Protesters in Baghdad defy curfew as death toll in three days of anti-government demonstrations rises to 20.
The death toll in three days of mass anti-government protests in Iraq has risen to 20 with hundreds more injured as the government-imposed curfew in several cities failed to prevent the unrest from spreading in the country’s south.
Braving live fire, tear gas and local curfews, Iraqis angry at high unemployment and entrenched corruption gathered in the streets for a third day in the biggest challenge yet to Prime Minister Adel Abdel Mahdi, who will complete one year in office next month.
The embattled prime minister ordered a ban on all movement across the capital starting at 5:00 am (02:00 GMT), but dozens of protesters defied the order and gathered in Baghdad’s emblematic Tahrir (Liberation) Square.
“We slept here so the police don’t take the place,” one demonstrator told AFP before riot police fired into the air in a bid to disperse them at Tahrir Square in central Baghdad.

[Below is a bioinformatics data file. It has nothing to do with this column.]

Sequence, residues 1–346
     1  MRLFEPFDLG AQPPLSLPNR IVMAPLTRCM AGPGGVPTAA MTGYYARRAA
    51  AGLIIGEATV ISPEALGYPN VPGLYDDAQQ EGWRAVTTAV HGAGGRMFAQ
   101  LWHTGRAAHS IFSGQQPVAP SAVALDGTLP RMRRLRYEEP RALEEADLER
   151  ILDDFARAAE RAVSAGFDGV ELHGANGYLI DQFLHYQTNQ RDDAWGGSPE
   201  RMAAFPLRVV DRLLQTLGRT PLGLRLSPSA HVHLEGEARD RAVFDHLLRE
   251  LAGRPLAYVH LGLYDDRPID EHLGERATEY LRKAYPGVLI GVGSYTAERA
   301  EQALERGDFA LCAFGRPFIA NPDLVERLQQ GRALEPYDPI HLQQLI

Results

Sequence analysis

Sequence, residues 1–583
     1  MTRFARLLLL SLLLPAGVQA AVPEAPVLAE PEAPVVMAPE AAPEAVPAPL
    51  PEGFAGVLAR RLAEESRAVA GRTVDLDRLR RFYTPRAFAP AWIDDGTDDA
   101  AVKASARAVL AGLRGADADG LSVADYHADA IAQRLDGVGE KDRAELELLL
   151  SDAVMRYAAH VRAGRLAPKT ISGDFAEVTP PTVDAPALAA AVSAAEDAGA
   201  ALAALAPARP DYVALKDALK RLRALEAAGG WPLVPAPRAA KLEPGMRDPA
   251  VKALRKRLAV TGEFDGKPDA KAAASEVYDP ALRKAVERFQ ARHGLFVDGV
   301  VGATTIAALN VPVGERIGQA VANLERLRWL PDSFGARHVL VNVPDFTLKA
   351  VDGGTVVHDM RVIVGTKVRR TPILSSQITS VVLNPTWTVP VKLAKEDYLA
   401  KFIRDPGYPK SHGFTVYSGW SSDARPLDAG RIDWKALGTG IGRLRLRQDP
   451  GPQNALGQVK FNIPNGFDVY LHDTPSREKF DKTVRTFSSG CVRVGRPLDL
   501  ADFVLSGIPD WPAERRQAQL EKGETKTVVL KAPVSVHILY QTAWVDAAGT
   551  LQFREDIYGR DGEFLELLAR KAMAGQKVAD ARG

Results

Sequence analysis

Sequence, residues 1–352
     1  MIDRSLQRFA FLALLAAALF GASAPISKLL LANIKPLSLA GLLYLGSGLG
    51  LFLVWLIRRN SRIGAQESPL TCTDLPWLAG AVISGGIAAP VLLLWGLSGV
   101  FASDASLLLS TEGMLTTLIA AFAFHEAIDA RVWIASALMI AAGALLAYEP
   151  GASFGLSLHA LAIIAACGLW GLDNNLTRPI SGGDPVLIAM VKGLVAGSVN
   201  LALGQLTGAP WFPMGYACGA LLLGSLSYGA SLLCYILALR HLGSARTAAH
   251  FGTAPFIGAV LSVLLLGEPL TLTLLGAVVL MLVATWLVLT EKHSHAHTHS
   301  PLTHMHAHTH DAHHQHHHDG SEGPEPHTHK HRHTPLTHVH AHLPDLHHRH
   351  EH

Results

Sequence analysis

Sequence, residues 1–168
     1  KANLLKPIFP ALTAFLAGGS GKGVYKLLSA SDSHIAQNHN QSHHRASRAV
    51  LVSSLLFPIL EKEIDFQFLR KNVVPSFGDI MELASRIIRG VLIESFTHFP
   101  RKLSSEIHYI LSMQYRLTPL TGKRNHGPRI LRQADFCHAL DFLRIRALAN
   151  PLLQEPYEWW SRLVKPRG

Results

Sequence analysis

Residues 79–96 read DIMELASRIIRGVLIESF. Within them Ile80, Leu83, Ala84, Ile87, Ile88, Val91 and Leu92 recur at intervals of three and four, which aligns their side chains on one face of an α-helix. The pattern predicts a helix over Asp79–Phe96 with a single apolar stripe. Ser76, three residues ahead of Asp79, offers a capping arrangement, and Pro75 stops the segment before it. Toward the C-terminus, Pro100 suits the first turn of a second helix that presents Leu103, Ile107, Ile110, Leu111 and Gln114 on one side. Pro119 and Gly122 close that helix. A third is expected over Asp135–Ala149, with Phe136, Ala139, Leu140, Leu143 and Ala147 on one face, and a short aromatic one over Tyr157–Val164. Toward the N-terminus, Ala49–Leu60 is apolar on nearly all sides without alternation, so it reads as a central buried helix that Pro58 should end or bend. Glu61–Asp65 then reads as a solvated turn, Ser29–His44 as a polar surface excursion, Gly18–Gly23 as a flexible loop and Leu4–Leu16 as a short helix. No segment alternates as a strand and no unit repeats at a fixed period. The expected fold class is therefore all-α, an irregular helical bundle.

Travellers to and from Baghdad airport, ambulances, government employees in hospitals, electricity and water departments, and religious pilgrims are exempt from the curfew, the statement said.
Curfews were also imposed in the holy city of Najaf on Wednesday after security forces fired on protesters who are demanding an end to rampant power cuts, water shortages and state corruption.
The southern city of Nasriya, which has seen so far the deadliest protests with a total of eight protesters and one police officer killed, has also been placed under curfew.
Another protester was shot dead on Thursday in the province of Dhi Qar, regional health chief Abdulhussein al-Jaberi said.
In the city of Amarah, medics and security forces have confirmed the killing of four protesters on Thursday, bringing the death toll over the past three days to 20.